May the light of this flickering candle illuminate the night the way your spirit illuminates my soul. Granddad, can you hear me?
My Grandfather died in 1981. Twenty six years ago. That's a long time. It would be a very long time for a child, it's long enough for a man.
The only benefit of growing old myself, I think, is that time passes through my hands ever faster. As time speeds up, the pains and heartaches of the past seem ever further away. Back, back, further back in time.
Strange, how when I was an eight year old boy, the six weeks of Summer holiday, of no schoool, well, seemed like an eternity. Now, as a man in his mid thirties, the children seem to have next to no rest from the place I waited years to leave. They may have it bad now, and, a cliché, I know, but life gets worse. As one gets older, the threats become more severe, the possibilities more deadly and the pain more bloody. The only saving grace is that as the quantity of shit builds up and the frequency of its delivery increases, the space between shitty events seems ever larger. Thank the Lord.
And time is a great healer. I don't know how I'd have coped if my Grandfather died while I'm in adulthood. Or, indeed, if it happened recently. And as horrible as the possibility was real, each time I imagine it, my heart breaks into a thousand pieces, my stomach ties itself into a knot and breathing is laboured.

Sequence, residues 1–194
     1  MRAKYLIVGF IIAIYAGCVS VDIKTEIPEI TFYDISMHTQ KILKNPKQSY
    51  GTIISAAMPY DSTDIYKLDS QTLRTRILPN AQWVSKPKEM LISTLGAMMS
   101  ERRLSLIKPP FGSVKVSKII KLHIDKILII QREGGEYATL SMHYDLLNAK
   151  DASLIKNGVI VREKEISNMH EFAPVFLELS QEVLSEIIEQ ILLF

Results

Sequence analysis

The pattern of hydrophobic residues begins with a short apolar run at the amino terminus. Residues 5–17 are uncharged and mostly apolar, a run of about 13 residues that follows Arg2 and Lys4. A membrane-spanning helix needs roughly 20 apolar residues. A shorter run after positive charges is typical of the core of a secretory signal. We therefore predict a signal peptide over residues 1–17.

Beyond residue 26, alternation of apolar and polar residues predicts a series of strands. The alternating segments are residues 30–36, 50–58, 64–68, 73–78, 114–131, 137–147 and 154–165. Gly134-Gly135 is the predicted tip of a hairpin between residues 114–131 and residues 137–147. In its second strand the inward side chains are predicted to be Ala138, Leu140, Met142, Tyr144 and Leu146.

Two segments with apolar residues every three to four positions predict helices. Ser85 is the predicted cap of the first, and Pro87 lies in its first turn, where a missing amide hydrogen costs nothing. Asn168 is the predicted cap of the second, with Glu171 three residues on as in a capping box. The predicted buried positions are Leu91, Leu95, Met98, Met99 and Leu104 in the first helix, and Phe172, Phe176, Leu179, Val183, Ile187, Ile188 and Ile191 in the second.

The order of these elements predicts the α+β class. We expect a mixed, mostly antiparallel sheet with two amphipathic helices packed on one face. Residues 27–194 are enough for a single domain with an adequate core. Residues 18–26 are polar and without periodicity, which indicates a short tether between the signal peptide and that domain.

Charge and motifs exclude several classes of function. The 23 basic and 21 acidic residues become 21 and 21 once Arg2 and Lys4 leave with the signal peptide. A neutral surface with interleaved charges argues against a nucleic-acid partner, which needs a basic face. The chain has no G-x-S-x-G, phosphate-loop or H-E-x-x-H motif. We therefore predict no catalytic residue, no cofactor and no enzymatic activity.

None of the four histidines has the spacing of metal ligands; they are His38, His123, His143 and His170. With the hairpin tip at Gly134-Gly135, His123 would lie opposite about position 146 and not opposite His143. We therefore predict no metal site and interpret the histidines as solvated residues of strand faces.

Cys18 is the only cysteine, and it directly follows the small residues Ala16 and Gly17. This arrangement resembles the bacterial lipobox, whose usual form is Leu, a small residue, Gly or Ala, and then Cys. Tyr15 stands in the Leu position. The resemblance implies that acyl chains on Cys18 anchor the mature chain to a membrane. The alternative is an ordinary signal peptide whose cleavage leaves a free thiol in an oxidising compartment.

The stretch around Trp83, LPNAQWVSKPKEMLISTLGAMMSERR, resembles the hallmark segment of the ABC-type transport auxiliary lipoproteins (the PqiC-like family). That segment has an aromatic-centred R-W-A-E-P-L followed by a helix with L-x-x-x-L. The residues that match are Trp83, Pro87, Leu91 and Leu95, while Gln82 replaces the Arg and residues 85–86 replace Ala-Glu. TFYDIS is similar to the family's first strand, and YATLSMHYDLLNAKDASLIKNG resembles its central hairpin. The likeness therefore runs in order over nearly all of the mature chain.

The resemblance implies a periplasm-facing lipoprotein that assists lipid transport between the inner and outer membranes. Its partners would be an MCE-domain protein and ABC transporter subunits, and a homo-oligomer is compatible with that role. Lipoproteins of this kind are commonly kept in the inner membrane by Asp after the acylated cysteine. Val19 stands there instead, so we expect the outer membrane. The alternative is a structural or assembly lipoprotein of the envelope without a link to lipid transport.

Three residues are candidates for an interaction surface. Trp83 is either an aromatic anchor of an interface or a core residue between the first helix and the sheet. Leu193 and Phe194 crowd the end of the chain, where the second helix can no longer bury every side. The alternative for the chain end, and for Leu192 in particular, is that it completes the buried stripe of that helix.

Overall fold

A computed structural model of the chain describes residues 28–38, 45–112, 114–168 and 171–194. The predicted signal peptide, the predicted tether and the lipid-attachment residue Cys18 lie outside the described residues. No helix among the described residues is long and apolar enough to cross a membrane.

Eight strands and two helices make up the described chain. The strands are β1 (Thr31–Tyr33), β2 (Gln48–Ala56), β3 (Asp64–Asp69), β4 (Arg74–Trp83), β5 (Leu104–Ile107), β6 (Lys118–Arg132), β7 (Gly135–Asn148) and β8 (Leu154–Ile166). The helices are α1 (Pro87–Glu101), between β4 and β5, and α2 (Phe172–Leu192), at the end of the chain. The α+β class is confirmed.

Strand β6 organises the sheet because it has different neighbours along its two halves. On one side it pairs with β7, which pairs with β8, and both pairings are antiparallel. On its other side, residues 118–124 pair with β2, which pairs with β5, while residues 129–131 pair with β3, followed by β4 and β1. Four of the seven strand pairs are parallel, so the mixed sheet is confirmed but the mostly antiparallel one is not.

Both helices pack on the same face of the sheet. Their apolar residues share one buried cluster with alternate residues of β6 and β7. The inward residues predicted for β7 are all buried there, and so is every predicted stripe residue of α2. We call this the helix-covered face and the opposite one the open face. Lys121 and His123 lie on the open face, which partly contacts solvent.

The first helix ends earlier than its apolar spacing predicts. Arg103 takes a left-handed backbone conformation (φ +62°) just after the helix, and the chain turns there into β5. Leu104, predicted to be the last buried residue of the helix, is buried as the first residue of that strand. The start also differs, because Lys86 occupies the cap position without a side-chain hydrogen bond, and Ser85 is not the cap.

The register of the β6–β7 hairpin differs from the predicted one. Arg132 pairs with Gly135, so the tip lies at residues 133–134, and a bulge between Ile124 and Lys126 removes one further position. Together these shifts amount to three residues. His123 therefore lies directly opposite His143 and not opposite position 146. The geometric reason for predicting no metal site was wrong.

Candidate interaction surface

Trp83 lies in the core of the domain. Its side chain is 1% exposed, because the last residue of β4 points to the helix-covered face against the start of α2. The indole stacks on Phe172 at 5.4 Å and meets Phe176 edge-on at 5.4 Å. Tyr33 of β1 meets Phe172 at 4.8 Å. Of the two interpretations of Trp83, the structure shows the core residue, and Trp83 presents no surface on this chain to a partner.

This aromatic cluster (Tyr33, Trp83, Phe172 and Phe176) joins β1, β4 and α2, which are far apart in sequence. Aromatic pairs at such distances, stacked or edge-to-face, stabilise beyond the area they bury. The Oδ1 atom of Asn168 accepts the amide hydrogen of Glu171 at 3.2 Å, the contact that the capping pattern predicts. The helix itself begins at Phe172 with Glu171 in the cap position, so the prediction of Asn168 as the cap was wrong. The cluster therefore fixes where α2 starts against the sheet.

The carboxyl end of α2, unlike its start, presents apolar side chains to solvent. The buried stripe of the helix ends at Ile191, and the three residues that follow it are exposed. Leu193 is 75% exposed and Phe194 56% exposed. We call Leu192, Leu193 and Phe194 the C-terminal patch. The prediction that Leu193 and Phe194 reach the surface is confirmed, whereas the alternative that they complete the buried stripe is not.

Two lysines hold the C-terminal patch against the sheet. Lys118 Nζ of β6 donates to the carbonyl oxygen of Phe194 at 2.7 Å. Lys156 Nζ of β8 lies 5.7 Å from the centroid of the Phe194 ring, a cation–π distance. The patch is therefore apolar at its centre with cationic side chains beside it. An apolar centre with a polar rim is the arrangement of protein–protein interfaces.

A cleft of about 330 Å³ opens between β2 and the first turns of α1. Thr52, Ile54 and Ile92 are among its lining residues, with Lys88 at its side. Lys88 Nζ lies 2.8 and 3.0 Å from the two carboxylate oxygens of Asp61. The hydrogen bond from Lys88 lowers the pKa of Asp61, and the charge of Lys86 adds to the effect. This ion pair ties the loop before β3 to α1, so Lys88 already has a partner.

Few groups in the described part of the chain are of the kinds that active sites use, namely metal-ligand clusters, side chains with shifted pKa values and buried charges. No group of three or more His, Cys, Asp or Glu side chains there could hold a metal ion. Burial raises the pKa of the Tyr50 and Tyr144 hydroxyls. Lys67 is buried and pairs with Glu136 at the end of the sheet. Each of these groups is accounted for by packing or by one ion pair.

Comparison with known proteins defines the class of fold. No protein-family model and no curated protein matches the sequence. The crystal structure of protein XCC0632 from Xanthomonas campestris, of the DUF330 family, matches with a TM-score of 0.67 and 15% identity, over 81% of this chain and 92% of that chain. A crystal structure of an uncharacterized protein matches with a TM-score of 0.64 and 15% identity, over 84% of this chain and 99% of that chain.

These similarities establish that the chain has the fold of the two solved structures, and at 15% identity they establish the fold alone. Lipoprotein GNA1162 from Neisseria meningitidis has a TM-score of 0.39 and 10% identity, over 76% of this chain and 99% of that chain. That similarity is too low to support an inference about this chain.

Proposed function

And I face the future, knowing how bad the past is and was, contemplating the death of my Mother. It's a reality I find impossible to face. I simply cannot. I know her end will mean some kind of ending for me, but what that exactly might be, I cannot say. I cannot guess the outcome of something I cannot face. Yet I rush headlong into the future, the unknown and the undiscovered.
Granddad would have known what to do, what might lie in wait around the proverbial corner and how to face it.
I think he'd tell me not to worry; that worry never changed anything. He'd tell me that I need a new philosophy. How people with empty lives need the drama of theatre, cinema and sombre music - and how I need an empty life, achievable, in no small part, by categorising everything in life, even the meaningful, as rubbish.
Buddhism, it would seem, dear reader, is the way ahead. Great truths and no desire. No desire to live a long and happy life, no desire to be loved and no desire to love. When it all falls apart, there's no reason to be upset; it was never desired in the first place. In a world where I want for nothing and nothing is all I have, I am happy.
So, as I go further into life, further towards death, I see that a philosophy of pessimism is not only desirable, but undesirable, too.